Heart Surgery Device Recalled for Deaths, Injuries

May 11, 2015,

surgeon-274997-m.jpgThe TigerPaw System has been recalled after reports of heart tissue tears and severe bleeding. More than 4,000 devices, commonly used during open heart surgery, were recalled after dozens of injuries and one death. Medical device lawyers at Pintas & Mullins detail this recall below.

The device is manufactured by Maquet Medical Systems and is most commonly used to obstruct the left atrial appendage during surgery. Recently, Maquet has received reports that the device has been tearing the appendage, causing serious bleeding. This recall is considered a Class I, the most serious of its kind.

The FDA has documented many violations at Maquet in the past few years, resulting in five Class I recalls and 40 other recalls between 2009 and 2014. These violations also led to a $6 million settlement in February 2015, which stemmed from a federal lawsuit accusing Maquet of maintaining poor quality standards.

At least one of Maquet's products involved with that settlement was associated with a suspicious patient death. The FDA requested the company stop production on several devices after its inspections, including hernia meshes and vascular grafts and patches.

Lawsuits from Defective Medical Devices


The medical device industry reaps sales of more than $85 billion per year, and companies have the legal and ethical responsibility to ensure their devices are safe and effective. When the device is designed or manufactured improperly, or if the approval process was flawed, patients can be subject to serious injury or even death from complications.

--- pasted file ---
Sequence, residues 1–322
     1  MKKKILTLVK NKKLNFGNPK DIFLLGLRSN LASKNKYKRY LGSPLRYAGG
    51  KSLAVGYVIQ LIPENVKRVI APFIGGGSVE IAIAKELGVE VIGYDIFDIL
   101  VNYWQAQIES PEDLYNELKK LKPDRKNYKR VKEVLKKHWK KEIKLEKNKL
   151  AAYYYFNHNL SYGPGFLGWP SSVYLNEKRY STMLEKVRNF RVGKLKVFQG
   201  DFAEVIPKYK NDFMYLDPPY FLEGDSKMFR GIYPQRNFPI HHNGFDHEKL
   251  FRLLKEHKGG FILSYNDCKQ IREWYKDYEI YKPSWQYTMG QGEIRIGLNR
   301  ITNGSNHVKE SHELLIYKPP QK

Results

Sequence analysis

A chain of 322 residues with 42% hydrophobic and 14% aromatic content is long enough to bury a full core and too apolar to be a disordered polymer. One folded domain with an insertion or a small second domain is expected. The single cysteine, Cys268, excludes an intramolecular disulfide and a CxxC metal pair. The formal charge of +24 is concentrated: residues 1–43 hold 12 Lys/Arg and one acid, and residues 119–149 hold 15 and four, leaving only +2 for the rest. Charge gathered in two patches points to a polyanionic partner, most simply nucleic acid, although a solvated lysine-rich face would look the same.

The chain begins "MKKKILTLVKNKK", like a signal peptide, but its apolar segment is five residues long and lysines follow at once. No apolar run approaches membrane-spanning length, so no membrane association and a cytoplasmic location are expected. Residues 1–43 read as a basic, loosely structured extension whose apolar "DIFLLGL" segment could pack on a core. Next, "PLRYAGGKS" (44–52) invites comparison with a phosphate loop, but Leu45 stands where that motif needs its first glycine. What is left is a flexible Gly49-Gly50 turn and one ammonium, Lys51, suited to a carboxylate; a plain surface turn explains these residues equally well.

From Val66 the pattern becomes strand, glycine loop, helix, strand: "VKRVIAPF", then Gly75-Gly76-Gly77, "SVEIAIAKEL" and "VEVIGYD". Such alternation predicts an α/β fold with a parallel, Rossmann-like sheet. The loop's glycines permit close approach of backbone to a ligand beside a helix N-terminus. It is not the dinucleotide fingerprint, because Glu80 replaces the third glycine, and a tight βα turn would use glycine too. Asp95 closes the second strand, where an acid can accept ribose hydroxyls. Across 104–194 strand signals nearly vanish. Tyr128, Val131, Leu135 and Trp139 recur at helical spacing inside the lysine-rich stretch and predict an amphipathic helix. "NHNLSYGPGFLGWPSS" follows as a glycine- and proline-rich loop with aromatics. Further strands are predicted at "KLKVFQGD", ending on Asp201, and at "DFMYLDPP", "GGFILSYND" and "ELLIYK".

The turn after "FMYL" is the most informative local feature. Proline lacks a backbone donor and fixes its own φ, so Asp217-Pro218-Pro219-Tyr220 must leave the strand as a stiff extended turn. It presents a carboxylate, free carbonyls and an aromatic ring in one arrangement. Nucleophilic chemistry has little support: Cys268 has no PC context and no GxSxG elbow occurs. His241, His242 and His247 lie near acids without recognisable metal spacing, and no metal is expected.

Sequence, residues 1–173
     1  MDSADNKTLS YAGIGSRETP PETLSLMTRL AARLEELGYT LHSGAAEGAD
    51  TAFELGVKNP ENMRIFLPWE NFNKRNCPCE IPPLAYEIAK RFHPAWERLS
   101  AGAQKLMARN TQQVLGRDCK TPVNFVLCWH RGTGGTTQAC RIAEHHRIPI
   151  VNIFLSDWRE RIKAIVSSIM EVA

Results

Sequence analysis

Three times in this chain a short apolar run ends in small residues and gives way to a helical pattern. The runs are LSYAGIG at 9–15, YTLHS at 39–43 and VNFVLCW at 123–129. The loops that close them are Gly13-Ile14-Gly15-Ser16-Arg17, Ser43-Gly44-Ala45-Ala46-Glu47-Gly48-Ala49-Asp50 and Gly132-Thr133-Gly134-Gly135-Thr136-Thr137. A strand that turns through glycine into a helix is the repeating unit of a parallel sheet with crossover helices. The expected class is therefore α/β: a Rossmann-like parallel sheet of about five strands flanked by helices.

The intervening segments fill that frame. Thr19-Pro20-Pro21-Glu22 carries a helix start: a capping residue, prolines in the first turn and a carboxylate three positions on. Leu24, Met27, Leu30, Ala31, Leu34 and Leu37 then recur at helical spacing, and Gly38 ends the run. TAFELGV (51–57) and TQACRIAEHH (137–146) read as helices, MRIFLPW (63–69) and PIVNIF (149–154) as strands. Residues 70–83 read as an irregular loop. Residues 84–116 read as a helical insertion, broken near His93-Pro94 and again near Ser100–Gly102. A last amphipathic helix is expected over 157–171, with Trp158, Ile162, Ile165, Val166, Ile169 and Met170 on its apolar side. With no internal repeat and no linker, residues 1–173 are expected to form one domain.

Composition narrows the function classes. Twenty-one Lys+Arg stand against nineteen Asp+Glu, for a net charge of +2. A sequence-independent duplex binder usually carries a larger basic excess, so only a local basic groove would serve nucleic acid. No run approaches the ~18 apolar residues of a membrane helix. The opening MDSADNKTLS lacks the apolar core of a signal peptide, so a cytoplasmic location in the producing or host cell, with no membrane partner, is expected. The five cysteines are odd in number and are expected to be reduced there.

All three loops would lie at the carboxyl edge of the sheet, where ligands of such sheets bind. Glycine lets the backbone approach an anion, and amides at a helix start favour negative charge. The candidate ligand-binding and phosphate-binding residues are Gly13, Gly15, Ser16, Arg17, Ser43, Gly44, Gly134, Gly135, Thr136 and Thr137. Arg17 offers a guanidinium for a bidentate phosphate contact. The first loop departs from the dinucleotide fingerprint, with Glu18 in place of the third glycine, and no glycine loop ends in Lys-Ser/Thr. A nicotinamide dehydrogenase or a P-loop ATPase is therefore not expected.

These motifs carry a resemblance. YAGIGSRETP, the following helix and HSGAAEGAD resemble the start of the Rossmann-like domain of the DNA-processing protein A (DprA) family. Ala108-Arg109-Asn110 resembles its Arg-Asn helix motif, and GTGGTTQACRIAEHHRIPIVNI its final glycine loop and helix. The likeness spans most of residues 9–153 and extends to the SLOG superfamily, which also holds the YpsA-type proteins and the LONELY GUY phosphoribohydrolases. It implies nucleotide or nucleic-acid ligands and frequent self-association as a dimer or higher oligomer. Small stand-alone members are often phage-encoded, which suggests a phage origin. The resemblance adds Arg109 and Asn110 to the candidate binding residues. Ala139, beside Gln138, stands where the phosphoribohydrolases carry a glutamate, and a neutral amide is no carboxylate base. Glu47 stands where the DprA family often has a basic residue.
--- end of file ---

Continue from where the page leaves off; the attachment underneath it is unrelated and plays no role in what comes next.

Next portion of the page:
If an injured patient decides to sue the medical device manufacturer for negligence, it is considered a product liability lawsuit. Any and all companies that manufacture products are responsible for making a safe product; therefore, the company could be liable for any injuries caused by defects or a dangerous design.

Companies are also required to warn the public about the risks associated with their products. Unfortunately, device manufacturers try to get new innovations onto market as soon as possible, often failing to adequately test for long-term complications and other serious side effects. Product liability lawsuits fall under three general categories:

1. Manufacturing defects - this applies if the design and promotions of the device were proper, but there were flaws in the manufacturing process causing the product to be defective.

2. Design defects - if the original design of the product can cause serious injury or death.

3. Marketing defects - if the company improperly markets the products, either failing to warn the public about the risks or by giving inadequate instructions to physicians.

A great example of the third type of claim is the recent deadly outbreak from a particular kind of medical device called a duodenoscope. Hundreds of patients have been infected by this medical scope and dozens have died. The duodenoscopes can infect patients with a "super bug", or drug-resistant bacteria that can be fatal in vulnerable patients.

The devices were contaminated with this super bug because they were not properly cleaned by hospital staff. Duodenoscopes are supposed to be cleaned and disinfected with a special machine, though the instructions provided by the device manufacturer are inadequate. This makes it difficult to fully disinfect the device, causing dangerous bacteria to be transferred between patients.

Continue reading "Heart Surgery Device Recalled for Deaths, Injuries" »

Rauner Proposes Workers' Compensation Reform